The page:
The comedic superhero, the character whose whole purpose is to have silly adventures that offer humor for the reader. But sometimes those characters come back in interesting ways that have little if anything to do with the original vision of just something funny.
That brings us to the Inferior Five.
Who are the Inferior Five? Well, they were five comedic superheroes that joined forces to fight the forces of evil like their parents before them. DC published their adventures, during which they were known to both team up or oppose parodies of established heroes from both DC and Marvel. The line-up was…Merryman! The Blimp! Awkwardman! White Feather! And…Dumb Bunny. Sorry, Jenny.
What were their powers? Well, Merryman was their leader. He was the smart one, indeed the only one smart enough to know how pathetic the others were. Like Captain Carrot, he was also a comic book artist. Physically, he was pretty weak. His parents were take-offs on patriotic heroes like Uncle Sam and Miss America.
The Blimp was the son of a Flash parody. He could fly, but lacked speed. He did alright when the wind blew the correct way.
Awkwardman was the son of a Superman type and a female Aquaman type. He had strength and could breathe underwater, though he had to douse himself from time to time to stay alive. Oh, and he was clumsy.
White Feather’s dad was a Green Arrow parody. White Feather himself was an archer…and a coward.
And then there was Dumb Bunny, originally the daughter of a Wonder Woman and Steve Trevor pair, she was very strong…and not very bright. Once again, sorry, Jenny.
OK, so, humorous superheroes are hardly unique to the Inferior Five. I mean, a relatively recent issue of The Brave and the Bold had them teaming up with the generally more serious (though not by much) Legion of Substitute Heroes.
So why bring them up? Well, they do tend to appear from time to time, but in some interesting ways. One such appearance was by writer Gail Simone in the pages of a Villains United mini-series that came out as part of the Infinite Crisis. Only this bunch was called the Superior Five and they were villains.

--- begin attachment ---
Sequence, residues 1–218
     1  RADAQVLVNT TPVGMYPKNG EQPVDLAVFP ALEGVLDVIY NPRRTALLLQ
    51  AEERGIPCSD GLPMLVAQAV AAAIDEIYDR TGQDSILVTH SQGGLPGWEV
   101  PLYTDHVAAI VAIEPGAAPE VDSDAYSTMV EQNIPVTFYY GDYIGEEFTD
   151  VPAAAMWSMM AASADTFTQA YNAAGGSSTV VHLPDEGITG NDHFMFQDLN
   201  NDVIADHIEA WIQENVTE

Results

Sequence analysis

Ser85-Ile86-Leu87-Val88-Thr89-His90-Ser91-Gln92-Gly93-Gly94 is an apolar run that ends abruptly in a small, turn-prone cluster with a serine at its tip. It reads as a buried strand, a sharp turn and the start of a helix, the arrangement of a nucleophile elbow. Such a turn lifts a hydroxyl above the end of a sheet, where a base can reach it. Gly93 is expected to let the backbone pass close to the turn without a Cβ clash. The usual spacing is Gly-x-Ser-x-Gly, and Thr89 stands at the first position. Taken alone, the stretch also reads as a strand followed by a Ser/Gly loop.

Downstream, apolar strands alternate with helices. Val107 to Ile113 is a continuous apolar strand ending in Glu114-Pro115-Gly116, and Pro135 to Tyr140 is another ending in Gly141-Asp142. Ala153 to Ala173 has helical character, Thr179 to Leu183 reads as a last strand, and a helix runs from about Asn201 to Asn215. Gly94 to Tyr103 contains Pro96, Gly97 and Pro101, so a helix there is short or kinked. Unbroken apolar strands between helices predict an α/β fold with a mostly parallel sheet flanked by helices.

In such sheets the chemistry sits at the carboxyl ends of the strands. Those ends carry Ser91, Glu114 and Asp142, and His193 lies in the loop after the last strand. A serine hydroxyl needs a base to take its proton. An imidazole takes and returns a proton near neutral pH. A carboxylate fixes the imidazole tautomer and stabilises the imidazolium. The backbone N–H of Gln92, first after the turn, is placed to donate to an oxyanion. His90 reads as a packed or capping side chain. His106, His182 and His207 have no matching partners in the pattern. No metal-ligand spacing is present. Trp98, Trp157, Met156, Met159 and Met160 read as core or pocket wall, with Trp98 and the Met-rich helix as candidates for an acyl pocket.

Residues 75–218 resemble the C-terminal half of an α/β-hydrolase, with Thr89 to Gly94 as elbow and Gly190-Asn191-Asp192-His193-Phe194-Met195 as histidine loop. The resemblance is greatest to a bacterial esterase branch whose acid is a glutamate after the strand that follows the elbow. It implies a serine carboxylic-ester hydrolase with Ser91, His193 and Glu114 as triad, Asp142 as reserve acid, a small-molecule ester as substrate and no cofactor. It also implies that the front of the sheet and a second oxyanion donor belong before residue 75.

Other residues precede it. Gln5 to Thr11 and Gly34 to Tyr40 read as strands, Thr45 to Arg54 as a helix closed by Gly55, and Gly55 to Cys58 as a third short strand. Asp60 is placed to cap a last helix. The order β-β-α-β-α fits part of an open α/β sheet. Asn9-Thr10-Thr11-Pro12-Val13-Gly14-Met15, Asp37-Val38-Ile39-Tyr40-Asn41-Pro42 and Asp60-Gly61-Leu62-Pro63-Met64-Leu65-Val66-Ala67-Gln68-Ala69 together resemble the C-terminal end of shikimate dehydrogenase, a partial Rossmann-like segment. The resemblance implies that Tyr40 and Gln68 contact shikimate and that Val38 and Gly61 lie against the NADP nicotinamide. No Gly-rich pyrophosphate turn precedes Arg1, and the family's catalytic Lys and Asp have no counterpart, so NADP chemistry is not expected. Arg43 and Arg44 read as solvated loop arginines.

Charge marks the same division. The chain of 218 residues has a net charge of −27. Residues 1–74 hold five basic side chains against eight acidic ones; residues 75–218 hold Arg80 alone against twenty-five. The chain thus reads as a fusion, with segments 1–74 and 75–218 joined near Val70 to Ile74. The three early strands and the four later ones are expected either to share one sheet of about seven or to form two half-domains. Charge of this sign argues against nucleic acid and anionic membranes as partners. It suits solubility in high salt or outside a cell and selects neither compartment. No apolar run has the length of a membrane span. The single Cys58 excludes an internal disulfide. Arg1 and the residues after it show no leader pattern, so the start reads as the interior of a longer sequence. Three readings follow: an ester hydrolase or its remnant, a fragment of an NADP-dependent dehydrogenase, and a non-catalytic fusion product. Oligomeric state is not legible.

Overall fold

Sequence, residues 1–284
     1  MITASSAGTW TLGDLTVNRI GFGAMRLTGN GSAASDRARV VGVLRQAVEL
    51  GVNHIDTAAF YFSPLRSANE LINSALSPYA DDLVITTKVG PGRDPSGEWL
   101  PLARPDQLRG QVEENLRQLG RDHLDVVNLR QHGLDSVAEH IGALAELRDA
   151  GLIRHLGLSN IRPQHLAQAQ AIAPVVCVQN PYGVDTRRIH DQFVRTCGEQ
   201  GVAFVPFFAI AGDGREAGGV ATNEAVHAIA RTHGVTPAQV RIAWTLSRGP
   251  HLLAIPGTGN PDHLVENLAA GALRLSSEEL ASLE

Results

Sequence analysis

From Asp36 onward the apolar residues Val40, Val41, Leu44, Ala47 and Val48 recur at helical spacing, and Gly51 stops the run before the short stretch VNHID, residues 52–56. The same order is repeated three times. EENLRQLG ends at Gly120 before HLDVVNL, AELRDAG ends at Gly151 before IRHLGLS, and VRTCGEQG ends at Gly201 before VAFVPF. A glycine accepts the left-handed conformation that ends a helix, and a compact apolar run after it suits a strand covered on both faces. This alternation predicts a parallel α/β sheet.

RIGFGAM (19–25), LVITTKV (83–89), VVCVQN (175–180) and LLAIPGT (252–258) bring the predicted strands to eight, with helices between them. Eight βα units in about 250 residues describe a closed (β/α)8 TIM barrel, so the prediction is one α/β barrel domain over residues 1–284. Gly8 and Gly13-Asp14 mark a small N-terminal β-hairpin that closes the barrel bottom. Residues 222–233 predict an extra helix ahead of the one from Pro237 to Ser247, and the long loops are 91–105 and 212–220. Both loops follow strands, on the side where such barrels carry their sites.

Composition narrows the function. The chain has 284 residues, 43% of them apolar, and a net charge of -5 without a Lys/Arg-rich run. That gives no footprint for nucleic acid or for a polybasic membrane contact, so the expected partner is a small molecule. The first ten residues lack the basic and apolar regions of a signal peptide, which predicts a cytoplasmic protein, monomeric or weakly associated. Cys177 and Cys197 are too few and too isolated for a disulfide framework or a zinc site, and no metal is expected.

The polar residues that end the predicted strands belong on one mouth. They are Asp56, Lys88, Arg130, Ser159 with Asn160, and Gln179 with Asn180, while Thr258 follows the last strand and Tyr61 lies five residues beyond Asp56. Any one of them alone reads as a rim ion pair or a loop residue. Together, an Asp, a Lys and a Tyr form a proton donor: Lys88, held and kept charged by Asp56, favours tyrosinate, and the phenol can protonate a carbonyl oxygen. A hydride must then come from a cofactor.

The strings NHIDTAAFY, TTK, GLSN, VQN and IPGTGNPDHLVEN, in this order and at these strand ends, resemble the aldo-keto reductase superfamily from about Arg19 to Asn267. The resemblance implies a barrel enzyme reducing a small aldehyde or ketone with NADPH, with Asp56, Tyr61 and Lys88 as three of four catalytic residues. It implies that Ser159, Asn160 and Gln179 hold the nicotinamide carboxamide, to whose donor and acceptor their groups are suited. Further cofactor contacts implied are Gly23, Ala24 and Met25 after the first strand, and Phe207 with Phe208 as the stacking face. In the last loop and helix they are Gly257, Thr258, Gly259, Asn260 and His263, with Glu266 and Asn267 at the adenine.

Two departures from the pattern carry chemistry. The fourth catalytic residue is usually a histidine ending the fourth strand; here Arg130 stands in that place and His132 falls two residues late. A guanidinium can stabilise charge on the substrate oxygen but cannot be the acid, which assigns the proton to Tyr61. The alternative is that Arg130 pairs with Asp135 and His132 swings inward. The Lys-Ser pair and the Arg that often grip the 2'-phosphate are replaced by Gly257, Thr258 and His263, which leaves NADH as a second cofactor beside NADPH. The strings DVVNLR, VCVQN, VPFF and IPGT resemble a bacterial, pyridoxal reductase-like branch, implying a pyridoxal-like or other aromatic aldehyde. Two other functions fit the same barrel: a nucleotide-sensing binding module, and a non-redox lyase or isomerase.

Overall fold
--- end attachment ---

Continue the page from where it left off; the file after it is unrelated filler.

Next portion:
Aside from Jongleur (Evil Merryman), this group didn’t last long. And even then it was mostly because Gail Simone liked to toss the guy into group scenes of villains.
But the more interesting case came from Grant Morrison. Morrison, while working on proto-Vertigo series Animal Man, came up with Limbo. What was Limbo? Limbo was the place forgotten comic book characters went. Animal Man went there while on a quest to get answers as to why his family died, a storyline that memorably ended when Animal Man got to the real world and met Morrison himself, and Morrison explained he could do whatever he wanted as the writer of a fictional comic book hero. But Morrison wasn’t a bad guy and, as this was his final issue, he ended his run by putting Animal Man back in the real world with his family alive and well again. Among the many characters Animal Man met in Limbo was the Inferior Five. Merryman was something of a tour guide.
It’s probably worth noting Limbo was not a one-way street. Characters who went there, if they were remembered, could return to the “real” world. That would include one fellow Animal Man crossed paths with briefly, one Mr. Freeze.
But Morrison wasn’t done with the Five or Limbo. During the Final Crisis, Morrison wrote a Superman side story where the Man of Steel, along with some alternate versions of himself, went to Limbo looking for components needed to defeat the final evil of the Final Crisis. Merryman greets Superman as the King of Limbo. When the time came, Merryman led the charge of forgotten characters to help Superman save the day.
So, really, keep an eye out. The Five tend to just pop up at random, either together or individually.